What’s a girl to do with so many eggs, why make quiche of course!
I like to bake, but I would much rather put my eggs into a savory summer quiche. Two dozen eggs might seem like a lot for a week of eating, but when you calculate eggs in the morning, egg salad and quiche into a weeks worth of meals, they get eaten. At first mention that so many eggs would arrive on a weekly basis with the CSA, the family exuded alarm. Three months of CSA in and the eggs not only get consumed, but the same faces that went ashen at the thought of eating so many eggs, sometimes sneak in an extra dozen from the grocery store. Do they think I do not notice?
From exotic to experiment
Quiche hit the scene in the early 70’s. Prior to that it was an exotic French food that world travelers brought back tales about. And there was only one type of quiche, Quiche Lorraine. It is a classic. It is still the pinnacle of quiche making and eating, but it is made with a thick buttery crust and heavy cream. As a technique and a gold standard, it is one you should learn to do, but the kitchen is a “laboratory” and it is the place to experiment. So once our mother’s mastered Quiche Lorraine, passed the recipes down, we took a leap of faith and began to add everything and anything, eliminated the crust, made crust from vegetables, and created variations on the theme.
Chard your course with quiche
Lettuce is letting up, and the chard is still coming. Chard and cheddar might seem like a blend that is a bit to, not sure what the word is, harsh of a flavor combo, but the mozzarella softened the blow. Instead of milk or cream in the custard (egg/liquid blend), I added cottage cheese. It does not affect the flavor, and it does add a nice dense body to the quiche, and holds together well. Quiche should be creamy, yet solid when cut from the pan. There is nothing worse than a watery slice. Not enough eggs to liquid ratio can be one problem, but the bigger one is not precooking the vegetables.
Water is great, but not in a quiche
Vegetables contain water. Take a look at any recipe where I have cooked the chard or kale from a mass that is escaping the pot to an entangled lump of greens. Not only do vegetables contain water, they are primarily comprised of water. Broccoli, mushrooms, leafy greens. Put them into a quiche uncooked and they will not only be tough to bite through, they will leave a puddle on the plate, a soggy crust, possibly make your eaters revolt and push away from the table. Maybe a bit drastic, regardless, vegetables do much better in the quiche when cooked ahead of time.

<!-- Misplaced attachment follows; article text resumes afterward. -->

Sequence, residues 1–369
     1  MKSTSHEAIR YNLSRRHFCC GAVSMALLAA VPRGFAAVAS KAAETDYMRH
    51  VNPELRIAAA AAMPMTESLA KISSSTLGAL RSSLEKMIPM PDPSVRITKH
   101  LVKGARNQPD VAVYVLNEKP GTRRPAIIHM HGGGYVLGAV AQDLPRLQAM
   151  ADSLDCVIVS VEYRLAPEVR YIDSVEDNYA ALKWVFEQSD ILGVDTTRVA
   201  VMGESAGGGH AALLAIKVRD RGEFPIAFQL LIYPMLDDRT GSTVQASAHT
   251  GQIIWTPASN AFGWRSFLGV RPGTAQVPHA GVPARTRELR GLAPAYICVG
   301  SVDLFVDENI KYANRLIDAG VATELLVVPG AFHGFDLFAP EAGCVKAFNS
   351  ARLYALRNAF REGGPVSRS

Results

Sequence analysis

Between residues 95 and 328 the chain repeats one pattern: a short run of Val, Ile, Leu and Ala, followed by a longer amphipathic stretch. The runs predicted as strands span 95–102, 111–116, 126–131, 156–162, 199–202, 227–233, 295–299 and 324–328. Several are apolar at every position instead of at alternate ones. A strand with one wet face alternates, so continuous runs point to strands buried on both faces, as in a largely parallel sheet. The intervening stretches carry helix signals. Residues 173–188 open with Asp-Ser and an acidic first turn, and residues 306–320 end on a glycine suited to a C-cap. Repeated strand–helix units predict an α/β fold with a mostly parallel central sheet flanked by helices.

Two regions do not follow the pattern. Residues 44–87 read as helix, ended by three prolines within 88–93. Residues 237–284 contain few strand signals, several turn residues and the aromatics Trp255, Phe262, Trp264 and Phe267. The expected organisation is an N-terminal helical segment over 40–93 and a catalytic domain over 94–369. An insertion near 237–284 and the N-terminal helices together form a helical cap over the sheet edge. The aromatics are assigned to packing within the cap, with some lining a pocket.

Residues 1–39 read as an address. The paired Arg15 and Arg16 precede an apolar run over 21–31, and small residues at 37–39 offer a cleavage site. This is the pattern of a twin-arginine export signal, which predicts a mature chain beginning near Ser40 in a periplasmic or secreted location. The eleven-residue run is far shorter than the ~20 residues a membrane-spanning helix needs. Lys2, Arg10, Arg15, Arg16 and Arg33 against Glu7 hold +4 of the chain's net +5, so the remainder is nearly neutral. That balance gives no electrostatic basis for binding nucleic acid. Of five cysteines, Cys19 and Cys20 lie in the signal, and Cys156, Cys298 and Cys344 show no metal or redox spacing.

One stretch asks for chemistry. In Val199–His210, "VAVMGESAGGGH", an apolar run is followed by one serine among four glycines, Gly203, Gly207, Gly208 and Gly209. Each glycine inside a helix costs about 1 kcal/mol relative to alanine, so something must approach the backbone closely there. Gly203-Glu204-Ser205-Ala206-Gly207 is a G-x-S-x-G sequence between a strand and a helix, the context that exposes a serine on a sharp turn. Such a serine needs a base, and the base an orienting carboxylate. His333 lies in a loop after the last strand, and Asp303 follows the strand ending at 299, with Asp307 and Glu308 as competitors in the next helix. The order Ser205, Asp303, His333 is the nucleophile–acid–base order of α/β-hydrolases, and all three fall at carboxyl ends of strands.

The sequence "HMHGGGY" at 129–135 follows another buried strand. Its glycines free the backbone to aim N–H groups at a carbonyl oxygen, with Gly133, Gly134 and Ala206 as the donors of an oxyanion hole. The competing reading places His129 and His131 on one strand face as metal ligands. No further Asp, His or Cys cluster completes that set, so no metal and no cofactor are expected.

Where does the cheese go in a Summer Quiche?
Layering is done in a certain way with the vegetables, cheese, and eggs in the quiche. This recipe is for a crustless quiche, not because we are gluten-free, but rather because I am not a big fan of making a crust in humid conditions. You probably have air conditioning, we don’t in Maine. Claiming that I need it for a flaky crust may not warrant the installation of one. So, vegetables get cooked down to eliminate the water. They are set aside to cool, the custard is prepared, the cheese is sliced and the layering begins. And no crust is rolled.
Vegetables on the bottom. Cheese layered or sprinkled, in this case both, on top of the vegetables, and then the custard poured carefully, thus not disrupting the vegetables and cheese. It will seep into the crevices to hold it all together. An NO, you do not need flour or anything else to bind a custard as long as the egg to liquid ratio is right. The more eggs to liquid, the sturdier the bind.
Summer quiche vs winter or fall quiche?
This one is a summer quiche as it comes straight from the CSA bag. I have been accused of using ingredients twice in a row with recipes. I do try to space them out, but we eat seasonally as much as possible. So while chard is available the year round, this bunch came straight from the farm. I am sure there is another summer quiche lurking, but this next one will have summer squash and zucchini. That started a few weeks ago. Look for summer quiche 2 in the next week or so….
Separate steps seem daunting, but really are quite easy
While this ends up in the EasyPeasy category, it does require a few steps. But they are simple ones like cooking down the veggies, blending the eggs and cottage cheese, and crumbling and slicing the cheese. Quiche is a technique and once mastered, becomes an easy meal or an elegant entrée.
Summer Quiche w/ Mozzarella & Cheddar
- 6 eggs, beaten
- 8oz/230g cottage cheese (whole milk or not)
- 4oz/115g cheddar, crumbled or grated
- 4oz/115g mozzarella, sliced (fresh is preferable, but not necessary)
- 1 bunch Swiss chard, cleaned and chopped
- 1 medium onion, sliced
- 1 Tbsp dried herbs (suggestions: savory, oregano, thyme, herbs de Provence)
- 4 fl oz/125ml tomato sauce (plain or seasoned)
- 1 TBSP olive oil
Preheat oven to 350°F/175C
Wash and stem Swiss chard.
Place in sauté pan and cook down until onions start to caramelize. Remove from heat and set aside.
Slice or grate mozzarella.
Crumble or grate cheddar.
In a large bowl, combine the eggs and cottage cheese. Whisk until the large chunks of the cottage cheese start to break down.
To assemble the quiche: place the chard/onion mixture in the base, cover with the cheddar, spread the layer of tomato sauce, layer the mozzarella over the cheddar.
Sprinkle dried herbs over the layered ingredients.
Carefully spoon the cottage cheese/egg mixture over the cheese. Allow it to seep down in. If poured all at once, it will run out over the edge of the pie plate or baking dish.
Line a sheet pan with foil that can come up around the edge of the pie plate. This helps to catch overflow.
Place in oven and bake until golden brown, about 35 minutes.
Allow to cool for 10 minutes before slicing.
The pie plate used in this recipe is a 10" deep dish. A rectangular baking dish can be used as well.